Revealing the Female Bias and the Shadow Side of the Goddess Movement

This is for those who are interested in a more in-depth analysis of the female bias and the shadow side of the Goddess Movement.

There is no doubt that there has been a male bias in the construction of Knowledge, however, the female bias might be more difficult to detect because women's voices have been so denied in the construction of knowledge.  However, as I offer my critiques on the female bias, I need to make something clear. 

I have ultimate respect and admiration for the courageous women in all disciplines who have carved out a path of emancipation for women of today. For this reason, I am hesitant to be too critical of the women's spirituality movement when it is still in its infancy.  When I reflect on the thousands of women who challenged patriarchal ideologies in much more severe conditions of oppression, I am instantly humbled. I envision warrior women with enormous swords, cutting away the thick forest of ideological oppression. Therefore, the critiques I have to offer the women's spirituality movement come not from ego and competitiveness, but rather from good intention and a commitment to make the movement stronger. 

 In my educational years as a Masters student of Sociology and Social Work and years of professional training as a counselor, the dynamics of the victim/victimizer relationship has always fascinated me because it is so evident in human relationships.  Yet, what I find so ironic is that each position sees the other as the source of its problems.  For example, women haven’t always been able to see the ways in which they've contributed to the dynamic system of human suffering because in pointing the finger at "the patriarchy" as the evil victimizer, they have assumed the position of the innocent victims. I am not denying the fact that men have used warfare and physical violence to dominate women.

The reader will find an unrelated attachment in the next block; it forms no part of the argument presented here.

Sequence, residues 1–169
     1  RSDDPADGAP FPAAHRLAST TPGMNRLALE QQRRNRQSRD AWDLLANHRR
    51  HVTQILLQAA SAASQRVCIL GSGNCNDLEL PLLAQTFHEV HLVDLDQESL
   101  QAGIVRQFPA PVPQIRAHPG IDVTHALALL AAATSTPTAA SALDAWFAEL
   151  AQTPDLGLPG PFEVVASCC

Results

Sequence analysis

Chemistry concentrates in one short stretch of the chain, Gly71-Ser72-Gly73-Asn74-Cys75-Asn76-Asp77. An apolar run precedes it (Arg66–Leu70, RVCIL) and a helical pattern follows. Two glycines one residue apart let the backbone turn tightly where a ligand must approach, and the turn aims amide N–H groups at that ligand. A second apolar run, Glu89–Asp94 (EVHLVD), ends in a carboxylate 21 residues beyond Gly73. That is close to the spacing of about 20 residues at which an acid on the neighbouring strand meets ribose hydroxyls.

On the contrary, I am merely making the point that there is a complex dynamic occurring here that reflects the dysfunctional role of the victim.  Women seem to know what "men's issues" are, but have we really owned our roles in the human drama? As humans who suffer from fragile egos women are just as likely to abuse their position of power if the tables are turned. Having had the experience of working under several power-tripping women, I'm convinced that women are equally capable of abusing their power and have the capacity to emotionally castrate a man with the glance of an eye. 

 I am cognizant of the diversity of feminist perspectives or "feminisms" within the women's movement as well as the varied perspectives within the neo-pagan and Wiccan groups and, therefore, I make no broad generalizations about any particular group.  Exposing the female bias is indeed a complex topic, with multiple layers and perspectives that deserve a thorough analysis. Unfortunately, I am not able to delve into the complexity of these issues in this article. As a sociologist who is aware of the dialectics model of social change, history reveals the tendency to go from one extreme to another, which in some respects can be considered a defense mechanism or reactionary survival instinct.  The pendulum needs to swing to the other side in order to find a place of balance. While feminism has been a powerful tool of emancipation for women, there is a tendency in radical feminist and some pagan groups to go to the other extreme; thus, falling prey to a "female bias."

 In the process of awakening to the Goddess, it has become evident to me that some people have gone from one extreme to the other--from father worship to strictly mother worship, without a true appreciation of consecrated polarity, or the sacred union (particularly for those who have been severely damaged by patriarchal religions).